U.S. automakers are on pace to report modest sales gains in January, despite forecasts calling for softer demand in 2018.
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The industry’s winning streak of seven consecutive years ended in 2017. Cheap gasoline, low unemployment and favorable interest rates have fueled demand, particularly for SUVs and pickup trucks, but analysts expect the pace of retail sales to slow this year. Interest rates are slowly rising, and late-model vehicles coming off leases provide an enticing alternative for shoppers.
However, potential tax savings for consumers and continued strength in the economy may have kept consumer demand accelerating in January.
Cox Automotive projected that January new-vehicle sales will hit 1.15 million units, a gain of 1% compared to January 2017. General Motors (NYSE:GM), Toyota (NYSE:TM) and Volkswagen will likely post the strongest sales growth. In a joint forecast, J.D. Power and LMC Automotive also said they anticipate a small increase in sales across the industry, estimating 0.8% growth. The current record for January auto sales is 1.16 million vehicles.
“January is always a difficult month to forecast because it follows the year-end holiday sales frenzy, but our expectations are that the pace of sales will be moderate,” said Charlie Chesbrough, senior economist for Cox Automotive, the parent company of Kelley Blue Book and Autotrader.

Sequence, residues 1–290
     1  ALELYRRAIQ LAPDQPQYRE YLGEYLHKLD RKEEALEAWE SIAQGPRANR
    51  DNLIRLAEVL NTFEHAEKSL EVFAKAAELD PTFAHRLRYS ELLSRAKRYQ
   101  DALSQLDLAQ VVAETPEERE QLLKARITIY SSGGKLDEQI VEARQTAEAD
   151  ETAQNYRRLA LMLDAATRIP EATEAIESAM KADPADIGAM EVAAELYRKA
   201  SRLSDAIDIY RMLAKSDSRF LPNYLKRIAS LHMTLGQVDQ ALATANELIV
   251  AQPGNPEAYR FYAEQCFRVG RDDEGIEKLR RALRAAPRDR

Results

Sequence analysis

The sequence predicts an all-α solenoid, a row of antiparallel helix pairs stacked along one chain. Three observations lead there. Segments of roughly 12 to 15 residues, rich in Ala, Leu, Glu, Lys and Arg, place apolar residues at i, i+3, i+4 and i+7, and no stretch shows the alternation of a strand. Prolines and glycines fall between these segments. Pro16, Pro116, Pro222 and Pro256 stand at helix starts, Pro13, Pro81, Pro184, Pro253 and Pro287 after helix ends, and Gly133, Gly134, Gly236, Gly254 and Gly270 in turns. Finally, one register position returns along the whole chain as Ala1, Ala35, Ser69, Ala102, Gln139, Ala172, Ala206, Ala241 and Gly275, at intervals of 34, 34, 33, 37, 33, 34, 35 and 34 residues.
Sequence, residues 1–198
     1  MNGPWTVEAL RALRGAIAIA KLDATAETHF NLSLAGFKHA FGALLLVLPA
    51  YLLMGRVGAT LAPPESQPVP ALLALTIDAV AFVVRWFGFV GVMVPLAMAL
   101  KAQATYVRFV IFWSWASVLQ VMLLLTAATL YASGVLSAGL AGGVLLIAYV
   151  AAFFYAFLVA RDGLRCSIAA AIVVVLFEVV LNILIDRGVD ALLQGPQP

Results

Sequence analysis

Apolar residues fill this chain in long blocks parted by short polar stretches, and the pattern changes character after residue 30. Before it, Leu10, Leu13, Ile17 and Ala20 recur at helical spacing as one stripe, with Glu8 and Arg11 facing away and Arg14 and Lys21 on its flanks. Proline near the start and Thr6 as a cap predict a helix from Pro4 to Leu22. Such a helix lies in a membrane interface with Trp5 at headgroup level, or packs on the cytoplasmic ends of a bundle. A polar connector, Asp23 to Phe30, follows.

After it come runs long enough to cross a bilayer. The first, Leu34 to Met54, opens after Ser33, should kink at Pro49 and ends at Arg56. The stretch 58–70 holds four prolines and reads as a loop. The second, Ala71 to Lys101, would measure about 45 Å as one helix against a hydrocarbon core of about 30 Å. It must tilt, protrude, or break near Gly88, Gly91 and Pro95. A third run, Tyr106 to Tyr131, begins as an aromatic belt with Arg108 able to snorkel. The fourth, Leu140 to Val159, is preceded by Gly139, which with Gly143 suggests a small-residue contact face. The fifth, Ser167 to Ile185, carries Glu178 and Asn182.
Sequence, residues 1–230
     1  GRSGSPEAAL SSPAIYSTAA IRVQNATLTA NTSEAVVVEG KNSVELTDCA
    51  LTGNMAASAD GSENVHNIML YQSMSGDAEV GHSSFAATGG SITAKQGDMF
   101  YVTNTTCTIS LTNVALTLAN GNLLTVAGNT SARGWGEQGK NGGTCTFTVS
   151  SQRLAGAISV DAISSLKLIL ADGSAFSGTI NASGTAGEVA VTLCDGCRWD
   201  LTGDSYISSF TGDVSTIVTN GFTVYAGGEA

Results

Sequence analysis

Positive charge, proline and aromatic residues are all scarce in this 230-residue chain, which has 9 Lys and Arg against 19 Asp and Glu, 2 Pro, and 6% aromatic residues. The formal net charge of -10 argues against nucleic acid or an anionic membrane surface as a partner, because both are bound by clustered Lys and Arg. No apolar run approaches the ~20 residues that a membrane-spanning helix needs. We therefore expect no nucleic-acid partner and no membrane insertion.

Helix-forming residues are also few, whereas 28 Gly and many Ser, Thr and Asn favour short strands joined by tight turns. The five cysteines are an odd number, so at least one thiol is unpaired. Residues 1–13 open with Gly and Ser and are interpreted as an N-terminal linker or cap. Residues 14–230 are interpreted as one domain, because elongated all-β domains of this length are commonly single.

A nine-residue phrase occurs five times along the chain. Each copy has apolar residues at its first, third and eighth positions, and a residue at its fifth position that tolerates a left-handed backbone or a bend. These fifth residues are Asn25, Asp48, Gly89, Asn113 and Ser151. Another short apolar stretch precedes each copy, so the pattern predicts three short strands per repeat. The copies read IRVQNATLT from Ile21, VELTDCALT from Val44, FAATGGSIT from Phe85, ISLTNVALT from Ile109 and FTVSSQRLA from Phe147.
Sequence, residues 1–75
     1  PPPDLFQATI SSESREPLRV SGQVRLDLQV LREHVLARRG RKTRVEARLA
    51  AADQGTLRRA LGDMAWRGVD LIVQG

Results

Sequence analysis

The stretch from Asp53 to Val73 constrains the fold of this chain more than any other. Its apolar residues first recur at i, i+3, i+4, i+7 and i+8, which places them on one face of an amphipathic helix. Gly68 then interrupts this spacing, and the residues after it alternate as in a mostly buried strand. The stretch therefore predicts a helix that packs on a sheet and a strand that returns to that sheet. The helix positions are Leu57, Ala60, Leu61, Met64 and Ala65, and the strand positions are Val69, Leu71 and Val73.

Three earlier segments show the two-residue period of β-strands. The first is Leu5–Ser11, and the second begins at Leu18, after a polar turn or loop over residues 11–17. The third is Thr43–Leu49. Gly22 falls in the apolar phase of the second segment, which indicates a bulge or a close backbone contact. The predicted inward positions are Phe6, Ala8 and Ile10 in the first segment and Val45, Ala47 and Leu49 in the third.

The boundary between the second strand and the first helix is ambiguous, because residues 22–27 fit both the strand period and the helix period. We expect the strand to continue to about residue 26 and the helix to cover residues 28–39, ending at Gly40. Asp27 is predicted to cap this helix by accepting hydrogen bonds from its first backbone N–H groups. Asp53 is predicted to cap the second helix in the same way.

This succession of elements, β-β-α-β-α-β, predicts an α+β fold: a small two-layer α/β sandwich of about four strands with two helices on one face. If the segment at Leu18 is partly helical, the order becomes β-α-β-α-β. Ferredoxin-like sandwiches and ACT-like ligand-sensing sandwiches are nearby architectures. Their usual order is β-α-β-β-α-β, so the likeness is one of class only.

Chesbrough noted that January benefited from an extra selling day versus the same month last year. Cox Automotive expects the seasonally adjusted annual rate to settle in the low-17 million units, less than the 17.3 million SAAR reported in January 2017.
Edmunds offered a slightly bleaker picture of January sales. The car-shopping platform forecasted sales of 1.12 million new cars, trucks and SUVs, which would reflect a 1.4% drop year-over-year. Jessica Caldwell, executive director of industry analysis at Edmunds, said automakers pulled back on generous discounts seen at the end of 2017. She added that frigid weather along the East Coast further slowed down buying activity.
“It’s typical to see a slowdown at dealerships in January following the high-selling holiday months,” Caldwell said. “This isn't necessarily a solid indicator of the direction that the year is headed in terms of overall sales.”
Sales of new vehicles totaled 17.23 million in 2017, 1.8% lower than the prior year’s record of 17.55 million. Cox Automotive expects industry sales to reach 16.7 million units in 2018, roughly a 3% decline.